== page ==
What I learned at Skepticon 7
I just got back home from Skepticon 7 late last night, and now is the time to recover and reflect. (If you don’t know what Skepticon is, visit http://skepticon.org/what/.) This year they had lots of speakers that I had not heard before (despite having gone to plenty of atheist conventions and hearing the most famous speakers multiple times). There was a very good variety of speakers and I commend the organizers for putting together such a fantastic lineup!
Here are some of the main ideas and learnings that I took away from Skepticon 7.
I learned about Ben’s firsthand experience of a Humanist Service Trip with the Pathfinders Project. The trip included teaching kids, helping villages develop a system to access clean water, a visit to a camp for accused witches in Uganda (and the heartbreaking results of superstition), and building latrines in Haiti. Also, a dangerous bout with malaria, reinterpreted as a process of personal transformation. Honestly, I am starting to cry as I write this, it was so heartwrenching and inspiring at the same time. So go to http://pathfindersproject.com and check out what they are doing. (Ben ‘Sweatervest’ Blanchard)
I learned that experiments with rats that show them helping other rats get out of a trap show that empathy and helping are hard-wired into mammals and do not require fancy cognition or culture. (Peggy Mason)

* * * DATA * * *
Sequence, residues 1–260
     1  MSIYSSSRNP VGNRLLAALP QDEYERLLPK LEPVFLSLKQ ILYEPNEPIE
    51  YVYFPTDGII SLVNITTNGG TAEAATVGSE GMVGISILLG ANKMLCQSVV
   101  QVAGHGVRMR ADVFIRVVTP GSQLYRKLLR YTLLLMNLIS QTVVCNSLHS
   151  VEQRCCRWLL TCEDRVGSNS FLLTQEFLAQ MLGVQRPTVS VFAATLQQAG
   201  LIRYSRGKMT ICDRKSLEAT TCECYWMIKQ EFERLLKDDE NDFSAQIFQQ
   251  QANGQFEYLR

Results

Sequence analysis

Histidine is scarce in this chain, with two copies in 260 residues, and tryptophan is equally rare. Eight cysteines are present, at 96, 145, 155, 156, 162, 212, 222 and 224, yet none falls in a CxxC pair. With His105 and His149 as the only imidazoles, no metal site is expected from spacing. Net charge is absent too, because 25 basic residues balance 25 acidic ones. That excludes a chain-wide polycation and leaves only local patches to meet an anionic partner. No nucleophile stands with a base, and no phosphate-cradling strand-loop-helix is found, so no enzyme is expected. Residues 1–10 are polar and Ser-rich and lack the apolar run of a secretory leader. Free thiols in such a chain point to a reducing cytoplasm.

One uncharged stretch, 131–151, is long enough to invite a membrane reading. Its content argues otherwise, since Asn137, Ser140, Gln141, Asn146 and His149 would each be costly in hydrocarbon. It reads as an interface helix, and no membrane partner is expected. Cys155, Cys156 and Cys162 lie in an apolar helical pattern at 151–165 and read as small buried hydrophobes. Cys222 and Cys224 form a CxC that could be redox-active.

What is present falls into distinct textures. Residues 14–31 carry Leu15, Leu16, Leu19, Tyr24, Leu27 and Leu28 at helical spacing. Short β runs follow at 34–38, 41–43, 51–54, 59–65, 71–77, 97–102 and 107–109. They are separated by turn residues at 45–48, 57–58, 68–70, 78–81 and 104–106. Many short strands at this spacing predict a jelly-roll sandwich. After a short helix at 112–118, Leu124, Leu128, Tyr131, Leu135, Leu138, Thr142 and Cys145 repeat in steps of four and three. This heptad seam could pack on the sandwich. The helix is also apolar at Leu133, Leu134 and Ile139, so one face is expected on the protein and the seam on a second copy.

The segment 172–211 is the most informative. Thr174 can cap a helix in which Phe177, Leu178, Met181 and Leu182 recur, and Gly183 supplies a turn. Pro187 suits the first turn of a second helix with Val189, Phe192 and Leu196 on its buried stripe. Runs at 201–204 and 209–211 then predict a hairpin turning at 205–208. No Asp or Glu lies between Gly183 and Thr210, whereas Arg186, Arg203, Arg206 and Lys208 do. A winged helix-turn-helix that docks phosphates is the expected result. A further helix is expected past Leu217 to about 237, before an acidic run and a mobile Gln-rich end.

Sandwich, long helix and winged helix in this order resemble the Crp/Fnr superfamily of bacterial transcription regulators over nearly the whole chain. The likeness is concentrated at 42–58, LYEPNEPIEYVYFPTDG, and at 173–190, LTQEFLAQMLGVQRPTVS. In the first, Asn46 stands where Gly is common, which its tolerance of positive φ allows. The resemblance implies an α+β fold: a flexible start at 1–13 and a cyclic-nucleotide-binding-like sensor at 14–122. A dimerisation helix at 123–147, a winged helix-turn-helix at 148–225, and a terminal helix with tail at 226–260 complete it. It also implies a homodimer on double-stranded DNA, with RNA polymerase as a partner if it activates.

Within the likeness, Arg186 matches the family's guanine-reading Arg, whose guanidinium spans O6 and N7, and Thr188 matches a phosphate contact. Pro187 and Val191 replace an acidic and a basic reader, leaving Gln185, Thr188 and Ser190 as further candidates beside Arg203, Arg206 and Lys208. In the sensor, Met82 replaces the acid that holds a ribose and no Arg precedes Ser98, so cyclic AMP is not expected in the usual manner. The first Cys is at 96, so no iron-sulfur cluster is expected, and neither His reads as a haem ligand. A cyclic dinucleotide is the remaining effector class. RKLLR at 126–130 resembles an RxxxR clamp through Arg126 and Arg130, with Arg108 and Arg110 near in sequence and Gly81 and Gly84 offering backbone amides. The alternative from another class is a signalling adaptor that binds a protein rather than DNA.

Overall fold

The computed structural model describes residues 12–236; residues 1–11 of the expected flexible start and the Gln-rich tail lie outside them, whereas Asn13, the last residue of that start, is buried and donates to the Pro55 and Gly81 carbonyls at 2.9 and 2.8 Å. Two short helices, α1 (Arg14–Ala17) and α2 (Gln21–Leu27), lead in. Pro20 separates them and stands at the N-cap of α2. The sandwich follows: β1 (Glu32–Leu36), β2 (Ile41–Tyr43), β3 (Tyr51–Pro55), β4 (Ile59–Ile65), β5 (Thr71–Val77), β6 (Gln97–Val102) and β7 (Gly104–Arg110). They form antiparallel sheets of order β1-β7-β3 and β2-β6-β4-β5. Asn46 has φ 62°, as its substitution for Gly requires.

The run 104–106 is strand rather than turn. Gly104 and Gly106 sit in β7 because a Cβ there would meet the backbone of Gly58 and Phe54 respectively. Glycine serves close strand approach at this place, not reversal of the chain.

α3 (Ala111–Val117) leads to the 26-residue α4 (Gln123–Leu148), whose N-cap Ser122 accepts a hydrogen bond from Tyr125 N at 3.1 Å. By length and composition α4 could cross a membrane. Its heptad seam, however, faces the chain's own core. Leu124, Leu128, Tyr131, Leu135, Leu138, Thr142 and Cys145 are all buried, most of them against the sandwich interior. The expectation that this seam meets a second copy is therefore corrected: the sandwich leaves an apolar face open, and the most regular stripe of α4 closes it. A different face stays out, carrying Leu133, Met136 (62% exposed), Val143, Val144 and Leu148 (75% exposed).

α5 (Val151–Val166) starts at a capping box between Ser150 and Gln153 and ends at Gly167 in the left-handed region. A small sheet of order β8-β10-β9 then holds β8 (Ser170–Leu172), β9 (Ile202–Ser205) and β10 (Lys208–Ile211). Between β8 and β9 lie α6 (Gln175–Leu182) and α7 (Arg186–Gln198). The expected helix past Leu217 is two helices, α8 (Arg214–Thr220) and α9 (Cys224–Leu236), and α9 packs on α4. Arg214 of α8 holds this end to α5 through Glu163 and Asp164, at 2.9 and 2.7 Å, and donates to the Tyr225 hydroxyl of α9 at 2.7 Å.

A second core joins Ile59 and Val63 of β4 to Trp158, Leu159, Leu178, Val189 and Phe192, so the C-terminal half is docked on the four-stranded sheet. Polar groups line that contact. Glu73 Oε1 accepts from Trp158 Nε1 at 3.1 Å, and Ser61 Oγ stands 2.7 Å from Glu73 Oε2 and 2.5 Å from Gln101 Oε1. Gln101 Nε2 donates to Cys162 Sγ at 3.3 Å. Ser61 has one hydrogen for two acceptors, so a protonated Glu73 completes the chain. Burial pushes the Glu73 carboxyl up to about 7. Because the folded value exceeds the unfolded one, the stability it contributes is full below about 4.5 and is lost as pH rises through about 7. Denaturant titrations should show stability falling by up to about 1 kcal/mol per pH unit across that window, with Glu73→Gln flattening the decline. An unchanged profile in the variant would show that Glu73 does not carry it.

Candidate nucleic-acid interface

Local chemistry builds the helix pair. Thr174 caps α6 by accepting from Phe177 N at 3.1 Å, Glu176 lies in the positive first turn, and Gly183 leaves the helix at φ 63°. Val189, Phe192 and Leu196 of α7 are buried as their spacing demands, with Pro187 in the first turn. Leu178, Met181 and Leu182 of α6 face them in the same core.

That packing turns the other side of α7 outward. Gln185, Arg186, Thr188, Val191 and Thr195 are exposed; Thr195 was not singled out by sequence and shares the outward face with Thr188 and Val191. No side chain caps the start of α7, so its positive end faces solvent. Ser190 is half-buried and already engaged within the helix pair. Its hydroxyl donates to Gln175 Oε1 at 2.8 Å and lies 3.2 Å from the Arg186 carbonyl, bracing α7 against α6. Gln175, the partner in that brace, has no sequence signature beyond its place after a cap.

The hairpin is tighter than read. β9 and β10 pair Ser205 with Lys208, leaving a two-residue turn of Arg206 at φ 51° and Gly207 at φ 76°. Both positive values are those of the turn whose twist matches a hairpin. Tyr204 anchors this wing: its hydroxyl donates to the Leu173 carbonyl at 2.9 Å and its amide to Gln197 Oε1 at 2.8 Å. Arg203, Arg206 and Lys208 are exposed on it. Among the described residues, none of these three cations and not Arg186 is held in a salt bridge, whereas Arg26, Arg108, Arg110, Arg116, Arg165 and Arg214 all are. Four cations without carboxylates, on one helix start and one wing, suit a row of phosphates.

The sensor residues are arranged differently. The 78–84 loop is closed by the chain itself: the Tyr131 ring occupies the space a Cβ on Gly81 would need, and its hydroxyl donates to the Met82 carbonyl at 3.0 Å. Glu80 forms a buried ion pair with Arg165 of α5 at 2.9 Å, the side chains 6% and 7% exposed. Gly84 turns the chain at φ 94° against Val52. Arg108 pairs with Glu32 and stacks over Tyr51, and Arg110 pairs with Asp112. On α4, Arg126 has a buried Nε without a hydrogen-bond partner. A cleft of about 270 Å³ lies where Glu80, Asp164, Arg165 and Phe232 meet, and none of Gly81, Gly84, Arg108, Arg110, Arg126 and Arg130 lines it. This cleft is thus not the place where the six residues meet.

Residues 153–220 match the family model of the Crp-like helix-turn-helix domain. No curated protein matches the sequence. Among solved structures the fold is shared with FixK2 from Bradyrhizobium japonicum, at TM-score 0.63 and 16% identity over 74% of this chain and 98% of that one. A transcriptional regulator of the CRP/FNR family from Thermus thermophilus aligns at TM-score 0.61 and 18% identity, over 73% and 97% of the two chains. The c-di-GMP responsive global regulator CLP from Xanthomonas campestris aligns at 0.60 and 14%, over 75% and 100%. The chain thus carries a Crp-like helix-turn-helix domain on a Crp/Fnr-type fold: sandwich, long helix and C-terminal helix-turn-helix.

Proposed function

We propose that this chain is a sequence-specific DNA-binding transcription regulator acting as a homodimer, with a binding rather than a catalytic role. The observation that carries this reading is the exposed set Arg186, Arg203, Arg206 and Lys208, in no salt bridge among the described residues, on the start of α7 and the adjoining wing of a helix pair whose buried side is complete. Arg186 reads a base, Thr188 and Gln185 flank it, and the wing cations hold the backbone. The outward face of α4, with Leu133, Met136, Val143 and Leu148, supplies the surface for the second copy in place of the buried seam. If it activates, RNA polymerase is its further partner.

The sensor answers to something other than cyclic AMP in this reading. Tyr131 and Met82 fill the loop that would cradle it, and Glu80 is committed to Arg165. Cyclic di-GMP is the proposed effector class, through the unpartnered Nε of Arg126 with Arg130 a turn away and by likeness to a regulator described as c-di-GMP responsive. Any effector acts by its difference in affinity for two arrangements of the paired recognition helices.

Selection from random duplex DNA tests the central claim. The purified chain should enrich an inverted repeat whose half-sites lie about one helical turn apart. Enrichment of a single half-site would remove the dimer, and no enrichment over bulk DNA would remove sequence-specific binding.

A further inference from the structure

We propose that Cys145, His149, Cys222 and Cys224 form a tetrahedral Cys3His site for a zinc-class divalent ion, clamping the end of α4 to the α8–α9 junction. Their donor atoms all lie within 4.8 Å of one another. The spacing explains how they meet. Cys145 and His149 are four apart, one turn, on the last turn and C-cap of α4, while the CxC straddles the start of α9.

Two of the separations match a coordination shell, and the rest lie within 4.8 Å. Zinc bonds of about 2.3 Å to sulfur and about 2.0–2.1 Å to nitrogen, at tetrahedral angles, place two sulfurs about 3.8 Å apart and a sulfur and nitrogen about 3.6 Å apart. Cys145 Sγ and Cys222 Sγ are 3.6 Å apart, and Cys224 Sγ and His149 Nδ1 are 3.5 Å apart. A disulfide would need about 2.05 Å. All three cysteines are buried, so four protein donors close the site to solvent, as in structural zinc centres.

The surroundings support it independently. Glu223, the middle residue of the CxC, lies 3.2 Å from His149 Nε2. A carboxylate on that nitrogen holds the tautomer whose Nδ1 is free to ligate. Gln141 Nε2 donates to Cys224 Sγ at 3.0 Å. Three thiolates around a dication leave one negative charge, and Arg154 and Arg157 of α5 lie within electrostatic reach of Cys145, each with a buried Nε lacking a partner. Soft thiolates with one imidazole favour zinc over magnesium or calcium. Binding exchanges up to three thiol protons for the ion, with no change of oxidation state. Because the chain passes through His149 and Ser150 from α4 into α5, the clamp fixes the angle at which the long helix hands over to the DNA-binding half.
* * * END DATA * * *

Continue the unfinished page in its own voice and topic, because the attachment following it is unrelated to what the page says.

I learned that a careful analysis of studies that address the correlation of religion and wellbeing shows that when atheists are actually included in the studies and when the survey questions are relevant to atheists, the commonly media-touted claims about the religious being mentally healthier than atheists falls apart. It is a stable worldview is correlated to mental wellbeing, not a commited faith. (Melanie Brewster)
I also learned a concept of ‘minority stress’ that can affect atheists because of pervasive religous and anti-atheist prejudices in American culture. When atheists are compelled to self-censor out of fear of social censure from religous family or neighbors, and when they are exposed to frequent anti-atheist comments, the stress can cause mental and emotional damage. This is the major reason why atheist meetups and communities are important — they are safe spaces where atheists can get away from the sources of minority stress. (Melanie Brewster)
The distinction between natural and supernatural claims — between scientific and religous claims — is an illusion. There is no good reason not to think of the ‘supernatural’ (if it exists) as a natural realm that follows rules just like the natural world that we know. This idea has interesting implications for the sorts of claims that the religous make about God. (Scott Clifton)
I learned about ‘citizen science’ and there are websites like http://scistarter.com that anyone can go to to participate in the data-gathering process for scientific experiements, and participate in a casual or commited way depending on their own motivation and time. (Nichole Gigliucci)
I learned how an outsider to our culture can give a fresh perspective on the taboos and unspoken rules of our culture. (Heina Dababhoy)
I learned that ‘genderqueer’ is a gender category. I’d encountered the term before in blogs and speeches, but I never quite had a clear idea what it actually meant. I also learned that if you see something like ‘they/them’ in an online profile that means that those are the pronouns that the person wishes to be addressed by instead of ‘he’ or ‘she.’ Also, that it is appropriate to ask a person identifying as genderqueer what pronouns they prefer if you are not sure. (Twitter conversations in the #sk7 hashtag)
And last but not least, I learned that Skepticon organizers and participants put on the best Prom ever! XD